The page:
Published Nov 12, 2010New Jersey via Brooklyn, NY's Sharon Van Etten is not a menacing figure on stage. Armed only with an electric guitar, she isn't the tallest girl, and when the light hit her eyes during her first ever appearance in Vancouver, the awkward banter started flowing. Yet, when she sings, the carries the conviction of a young Joan Baez (without the incessant vibrato) or Cat Power, and her bashful jokes and cracked smiles begin to reveal the naked truth of her performance.
Sharon was present as an artist, engaging the audience on a deeply personal level through her humble, profusely complimentary, unabashedly honest disposition. In effect, she made the somewhat drawn-out tuning sessions between songs a big part of the charm in seeing her, almost as much as her strong, emotive vocal work. Every eye in the place was glued to her as she moved from guitar to harmonium for a rendition of "Love More" that was every bit as powerful as the version on her critically acclaimed sophomore album, Epic, released by Ba Da Bing earlier in 2010.
In contrast to Etten's style and demeanour, the unearthly, Gilbert O'Sullivan-like voice of José González bequeathed a more sombre, serious mood. Almost tinny, but with a hint of depression, his ethereal vocals and acoustic guitar consistently found the sweet spot in the middle of his five-piece touring band. Throughout selections from the band's 2005 EP and long-awaited 2010 debut album, Fields, their downtempo indie grooves, interspersed with progressive rock-outs, worked the capacity crowd into a sweaty, heaving mass.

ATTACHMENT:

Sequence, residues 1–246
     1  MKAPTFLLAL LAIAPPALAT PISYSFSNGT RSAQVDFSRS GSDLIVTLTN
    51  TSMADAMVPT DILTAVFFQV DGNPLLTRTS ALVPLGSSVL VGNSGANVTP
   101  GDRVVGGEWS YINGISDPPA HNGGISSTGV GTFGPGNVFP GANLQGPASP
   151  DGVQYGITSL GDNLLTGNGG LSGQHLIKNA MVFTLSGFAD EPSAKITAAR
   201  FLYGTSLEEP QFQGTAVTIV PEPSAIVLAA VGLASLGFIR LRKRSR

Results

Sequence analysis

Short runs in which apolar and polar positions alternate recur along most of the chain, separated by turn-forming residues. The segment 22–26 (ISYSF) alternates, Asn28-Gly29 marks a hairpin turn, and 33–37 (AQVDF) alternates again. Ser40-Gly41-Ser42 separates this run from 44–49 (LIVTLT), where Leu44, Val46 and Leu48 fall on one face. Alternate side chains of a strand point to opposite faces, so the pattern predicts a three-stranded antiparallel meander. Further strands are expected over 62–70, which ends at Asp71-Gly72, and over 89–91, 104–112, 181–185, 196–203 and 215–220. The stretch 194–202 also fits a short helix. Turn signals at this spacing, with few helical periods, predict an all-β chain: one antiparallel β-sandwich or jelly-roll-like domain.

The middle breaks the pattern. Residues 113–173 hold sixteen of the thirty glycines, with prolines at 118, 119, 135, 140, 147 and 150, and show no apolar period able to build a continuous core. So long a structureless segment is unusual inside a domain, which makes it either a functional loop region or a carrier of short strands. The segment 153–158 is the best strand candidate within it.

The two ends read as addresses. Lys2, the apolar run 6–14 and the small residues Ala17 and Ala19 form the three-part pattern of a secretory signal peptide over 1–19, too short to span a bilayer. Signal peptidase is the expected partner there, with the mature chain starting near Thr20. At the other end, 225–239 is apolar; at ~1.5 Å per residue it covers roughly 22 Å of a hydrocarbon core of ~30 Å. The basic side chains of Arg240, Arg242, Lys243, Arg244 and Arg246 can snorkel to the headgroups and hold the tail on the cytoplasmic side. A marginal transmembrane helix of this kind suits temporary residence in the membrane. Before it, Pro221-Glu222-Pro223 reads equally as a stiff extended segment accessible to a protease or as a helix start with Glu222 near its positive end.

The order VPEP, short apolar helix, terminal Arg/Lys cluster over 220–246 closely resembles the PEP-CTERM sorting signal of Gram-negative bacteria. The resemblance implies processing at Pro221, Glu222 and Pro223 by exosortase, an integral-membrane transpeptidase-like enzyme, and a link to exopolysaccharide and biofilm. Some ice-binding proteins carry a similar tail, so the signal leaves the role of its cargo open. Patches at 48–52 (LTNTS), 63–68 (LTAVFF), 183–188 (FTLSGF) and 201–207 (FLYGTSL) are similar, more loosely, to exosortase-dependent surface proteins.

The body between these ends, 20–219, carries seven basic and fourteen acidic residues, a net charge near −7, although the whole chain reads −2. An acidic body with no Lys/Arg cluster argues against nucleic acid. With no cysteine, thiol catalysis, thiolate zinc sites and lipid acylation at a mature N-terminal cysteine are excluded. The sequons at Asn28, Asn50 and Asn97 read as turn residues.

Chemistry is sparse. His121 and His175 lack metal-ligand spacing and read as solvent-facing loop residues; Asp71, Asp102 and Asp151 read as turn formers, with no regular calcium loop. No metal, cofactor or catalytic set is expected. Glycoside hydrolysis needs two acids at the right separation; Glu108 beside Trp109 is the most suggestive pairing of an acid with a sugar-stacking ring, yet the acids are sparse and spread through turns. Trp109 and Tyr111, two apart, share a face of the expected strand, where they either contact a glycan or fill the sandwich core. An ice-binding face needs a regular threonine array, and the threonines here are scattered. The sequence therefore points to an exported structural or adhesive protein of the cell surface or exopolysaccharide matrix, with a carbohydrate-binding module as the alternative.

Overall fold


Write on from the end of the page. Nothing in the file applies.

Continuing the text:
José didn't engage the audience directly all that much, or even stand up, instead choosing to put his energy into the sound. With the Zero 7 collaborator and subsequent rising star's talented, well-rehearsed band fleshing out incarnations stunningly similar to those heard on González's solo albums, they managed to summon the striking solemnity of Swedish fields ravaged by the elements of winter. In the live setting, they produced something well beyond that which can be heard on Fields, delivering tangible passion with their astonishingly complex arrangements.